Trump tries to enlist French and German support over China trade disputes
White House says US president talked to two nations’ leaders about countering Beijing’s ‘unfair trade practices’ as the threat of China-US trade war looms
The United States is trying to rally its allies to counter China’s alleged unfair trade practices – raising the risk of a protracted confrontation.
But experts said US President Donald Trump may not be able to present a united front with America’s allies because of their diverging interests.
Trump and German Chancellor Angela Merkel “discussed joining forces to counter China’s unfair economic practices and illegal acquisition of intellectual property”, the White House said in a statement on Tuesday.
In a separate call with French President Emmanuel Macron, Trump also discussed the “next steps” in dealing with China’s “unfair trade practices”, the White House added.
“The two leaders also discussed trade practices between the United States and European Union,” according to a statement.
The calls comes as Washington and the European Union are at loggerheads over Trump’s decision earlier this month to slap steep tariffs on steel and aluminium imports.
Trump is waging simultaneous trade battles with Beijing and Brussels, having also announced tariffs of up to US$60 billion on Chinese imports.
European and American trade officials have said talks are underway to reach a compromise and the United States has temporarily exempted Europe from the tariffs of 10 per cent on aluminium and 25 per cent on steel.
But Brussels has identified US goods – ranging from peanut butter to Harley-Davidson motorcycles – which could be subject to painful import duties if the compromise efforts fail.
European officials have said the US tariffs do not address the common problem of industrial overcapacity and market glut, for which Washington blames Beijing.
Wang Yiwei, a European studies expert at Beijing’s Renmin University, said Trump was using divide-and-rule tactics.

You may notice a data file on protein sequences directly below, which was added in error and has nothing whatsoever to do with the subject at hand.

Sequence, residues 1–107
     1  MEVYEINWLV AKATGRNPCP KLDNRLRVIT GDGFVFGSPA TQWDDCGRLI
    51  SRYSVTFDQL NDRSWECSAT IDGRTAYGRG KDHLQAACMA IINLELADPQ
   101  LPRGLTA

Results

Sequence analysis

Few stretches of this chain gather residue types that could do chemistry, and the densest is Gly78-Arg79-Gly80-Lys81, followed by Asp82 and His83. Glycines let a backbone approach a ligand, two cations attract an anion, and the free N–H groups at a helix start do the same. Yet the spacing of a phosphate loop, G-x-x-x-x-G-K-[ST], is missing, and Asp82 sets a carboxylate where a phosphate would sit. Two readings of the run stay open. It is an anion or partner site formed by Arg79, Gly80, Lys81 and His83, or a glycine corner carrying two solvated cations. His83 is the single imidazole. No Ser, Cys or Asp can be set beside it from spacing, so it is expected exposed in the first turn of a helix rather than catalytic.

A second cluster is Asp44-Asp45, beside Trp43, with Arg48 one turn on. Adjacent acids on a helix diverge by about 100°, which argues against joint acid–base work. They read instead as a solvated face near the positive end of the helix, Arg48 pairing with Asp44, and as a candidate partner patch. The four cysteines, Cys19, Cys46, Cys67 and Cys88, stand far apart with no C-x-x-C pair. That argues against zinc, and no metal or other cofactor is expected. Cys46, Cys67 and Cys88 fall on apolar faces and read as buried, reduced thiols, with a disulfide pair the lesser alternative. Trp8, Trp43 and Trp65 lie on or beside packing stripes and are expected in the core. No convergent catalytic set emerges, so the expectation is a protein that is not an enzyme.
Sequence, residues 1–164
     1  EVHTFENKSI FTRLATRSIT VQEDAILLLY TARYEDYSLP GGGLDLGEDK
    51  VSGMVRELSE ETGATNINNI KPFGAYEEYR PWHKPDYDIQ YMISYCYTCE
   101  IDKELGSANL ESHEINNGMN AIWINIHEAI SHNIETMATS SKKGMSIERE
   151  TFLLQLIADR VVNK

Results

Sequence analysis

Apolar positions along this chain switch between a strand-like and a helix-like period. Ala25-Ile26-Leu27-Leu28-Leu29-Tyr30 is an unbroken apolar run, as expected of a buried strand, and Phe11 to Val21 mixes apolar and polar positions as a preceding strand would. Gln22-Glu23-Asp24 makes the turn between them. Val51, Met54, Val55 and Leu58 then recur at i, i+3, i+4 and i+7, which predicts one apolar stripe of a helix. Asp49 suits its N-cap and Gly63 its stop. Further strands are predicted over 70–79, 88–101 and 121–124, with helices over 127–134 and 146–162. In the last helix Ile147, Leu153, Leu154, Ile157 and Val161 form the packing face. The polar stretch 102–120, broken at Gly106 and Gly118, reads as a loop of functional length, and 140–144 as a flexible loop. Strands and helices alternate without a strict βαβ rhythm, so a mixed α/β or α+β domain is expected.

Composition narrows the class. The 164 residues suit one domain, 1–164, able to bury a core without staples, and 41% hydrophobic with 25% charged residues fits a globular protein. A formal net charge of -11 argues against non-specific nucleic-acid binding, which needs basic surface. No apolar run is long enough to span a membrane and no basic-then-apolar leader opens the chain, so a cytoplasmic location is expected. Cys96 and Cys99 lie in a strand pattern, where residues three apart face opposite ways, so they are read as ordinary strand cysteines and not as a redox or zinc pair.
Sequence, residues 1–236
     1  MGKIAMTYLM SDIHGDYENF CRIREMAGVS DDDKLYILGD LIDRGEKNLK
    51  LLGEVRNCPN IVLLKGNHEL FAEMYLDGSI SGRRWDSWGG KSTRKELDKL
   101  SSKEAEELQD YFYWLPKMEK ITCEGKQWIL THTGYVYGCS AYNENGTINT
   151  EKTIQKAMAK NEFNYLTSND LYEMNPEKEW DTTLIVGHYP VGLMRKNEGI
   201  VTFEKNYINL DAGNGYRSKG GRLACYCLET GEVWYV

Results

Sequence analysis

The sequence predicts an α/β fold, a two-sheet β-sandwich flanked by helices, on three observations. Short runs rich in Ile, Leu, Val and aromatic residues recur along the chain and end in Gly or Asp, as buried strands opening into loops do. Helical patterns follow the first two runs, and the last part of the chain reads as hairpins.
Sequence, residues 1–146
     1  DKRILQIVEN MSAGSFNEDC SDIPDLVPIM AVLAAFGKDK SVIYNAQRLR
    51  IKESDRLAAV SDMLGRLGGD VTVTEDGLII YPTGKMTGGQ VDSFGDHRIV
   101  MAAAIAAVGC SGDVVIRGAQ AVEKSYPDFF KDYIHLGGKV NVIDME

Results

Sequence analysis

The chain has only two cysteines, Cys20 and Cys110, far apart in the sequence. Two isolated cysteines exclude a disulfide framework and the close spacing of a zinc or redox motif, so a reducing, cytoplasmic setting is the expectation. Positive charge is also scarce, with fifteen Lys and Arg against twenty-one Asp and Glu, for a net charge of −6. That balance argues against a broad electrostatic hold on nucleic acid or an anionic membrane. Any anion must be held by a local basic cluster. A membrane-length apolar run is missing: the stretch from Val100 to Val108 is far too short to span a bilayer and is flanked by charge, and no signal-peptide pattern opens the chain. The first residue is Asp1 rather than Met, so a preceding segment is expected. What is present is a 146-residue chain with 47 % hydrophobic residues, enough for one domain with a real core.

“In such a big issue as a trade war, the EU would probably have to side with the US.”
Apart from the prospect of an exemption from the US metal tariffs providing an incentive to side with the US, Europe has its own complaints about China’s trade policies. These include issues such as market access, the use of government subsidies, the role of state-owned enterprises and alleged intellectual property right violations.
Cui Hongjian, the head of European studies at the China Institute of International Studies, argued that the EU’s efforts to avoid steel and aluminium tariffs were “disappointing” and contradicted its commitment to free trade and multilateralism.
“The EU seems to be trying to escape harm and redirect the American sanctions to China,” he said. “But sacrificing China will not save Europe,” Cui added.
“In the face of Trump’s unilateralism, appeasement will only result in being targeted and defeated one by one.”
Japan, another US ally, has not been exempted from the steel and aluminium tariffs, but it has decided to slap extra duties on Chinese steel imports – raising speculation it will also take sides in any trade war.
Liu Jiangyong, a Japan expert from Tsinghua University said it would be very unwise for Japan to side with the US as it has large trade surplus with China, and some Japanese hi-tech products are competing with America’s in the Chinese market.
Liu argued it was too early to say what Japan would do. “There are still lots of uncertainties about where Trump’s trade battle with China will go. If Japan acts too soon it could end in embarrassment and put China-Japan relations at risk.”
Other US allies, such as South Korea and some Southeast Asian countries, are also thought be unlikely to take part in a trade war, as these smaller economies have experience of balancing the competing demands of the two great regional great powers.
“Asean countries could actually benefit during a US-China conflict, but they are probably not being pressured by America to do anything and they will not want to irritate China” said Zhang Mingliang, from Jinan University in Guangzhou.
Additional reporting by Agence France Presse